Whether it’s out of concern for the land, the people or the environment, many California table grape growers have adopted sustainable growing and business strategies to guide their vineyards into a productive, profitable and ecologically sound future.
When it comes to getting the bugs out of its operation, Delano, Calif.-based Pandol Bros Inc. is full of innovative ideas.
While its neighbors typically pull out acreage after a crop cycle is finished and immediately go back in for the next planting, Pandol Bros. sets aside some acreage, planting annual crops to provide habitat for upland game birds.
“We tend to leave land fallow for two to three years,” said John Pandol, special projects director.
“On our fallow land, we strategically plant annual and native crops for migratory water fowl and local birds,” he said.
The practice allows the land to rest, provides a habitat for birds and at the same time helps control the vineyards’ bug population.
“Birds eat insects,” Pandol said.
The process doesn’t stop there.
The annual plants suck up carbon and nitrogen from the atmosphere, and at the end of the season, the plants are worked into the ground.
“When we plant that land, we have better soil,” Pandol said.
The program doesn’t add a lot of additional cost, he said.
Most of any negative cash flow would be in the lost opportunity of not actively farming.
But on the plus side, over the years, the plan results in better quality soil.
Pandol Bros. also uses beneficial insects to combat bad bugs that can attack its vineyards.
“In the late 1970s or early 1980s, we planted some rows of blackberries for habitat for beneficial insects,” Pandol said.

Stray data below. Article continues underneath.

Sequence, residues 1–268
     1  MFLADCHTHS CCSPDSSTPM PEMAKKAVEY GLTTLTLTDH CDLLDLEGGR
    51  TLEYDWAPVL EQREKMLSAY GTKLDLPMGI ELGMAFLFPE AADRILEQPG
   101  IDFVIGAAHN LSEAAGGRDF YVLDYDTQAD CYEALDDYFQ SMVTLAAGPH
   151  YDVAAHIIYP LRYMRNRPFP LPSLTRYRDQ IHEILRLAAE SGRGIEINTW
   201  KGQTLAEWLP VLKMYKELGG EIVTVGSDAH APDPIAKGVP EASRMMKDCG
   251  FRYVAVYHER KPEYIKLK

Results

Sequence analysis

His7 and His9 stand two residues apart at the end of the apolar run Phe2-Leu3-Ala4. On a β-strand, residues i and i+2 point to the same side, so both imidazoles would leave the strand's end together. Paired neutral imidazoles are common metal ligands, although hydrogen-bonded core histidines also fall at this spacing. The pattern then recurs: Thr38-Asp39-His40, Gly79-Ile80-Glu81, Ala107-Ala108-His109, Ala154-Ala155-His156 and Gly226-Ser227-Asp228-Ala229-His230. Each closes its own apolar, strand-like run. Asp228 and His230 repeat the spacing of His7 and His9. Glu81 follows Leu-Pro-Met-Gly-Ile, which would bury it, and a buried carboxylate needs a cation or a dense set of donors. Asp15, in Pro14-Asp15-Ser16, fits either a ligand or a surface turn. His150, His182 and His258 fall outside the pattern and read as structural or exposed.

They’re still there.
“We haven’t populated it for years, either with a predator for a specific pest or a broad spectrum predator like lady bugs,” he said. “The beneficial insect habitat has been there for 40 years.”
Some efforts to control insects can have drawbacks, he said.
“Spiders are actually a really great biological control,” he said.
The problem is, they can be a safety hazard for workers, and sometimes they end up leaving the field in the bags with the grapes.
Delano, Calif.-based Sunview Marketing International would prefer to use the term “stewardship” than descriptors like sustainable or environmentally friendly, said Mitch Wetzel, vice president of sales and marketing.
Stewardship involves the land itself, the company’s associates, many of whom have been with the firm for many years, and the water, he said.
The environment and energy are “tangential pieces” that also are of concern.
Now more than ever, it’s important to make sure that the company’s longtime associates who have invested a lot of time and dedication feel safe, that Sunview is producing a safe product, and that “everybody continues to be positive no matter how tough the circumstances can be,” he said.
When it comes to stewardship, the company’s ownership and management teams focus on what is going to make the most long-term sense, Wetzel said, whether it’s water conservation measures, efficient land use or ways to train and invest in people so that they will have long professional careers within the company.
A stewardship program must be made up of several different pieces to be effective, he said.
“If it’s one dimensional, it’s not going to work.”
The company, for example, has its office and cold storage area covered with a solar array, it has an extensive integrated pest management program and is one of the largest organic grape producers, Wetzel said.
“It’s all pieces,” he said. “It’s not one big thing that makes you a good steward. It’s got to be a lot of things.”
Top Brass Marketing Inc., Bakersfield, Calif., is into energy conservation, said Brett Dixon, president.
“We currently have 5 acres of solar panels that run 1 megawatt of electricity that offsets approximately 80% of our energy use at our cold storage facility,” Dixon said, “further committing to a sustainable future here at Top Brass.”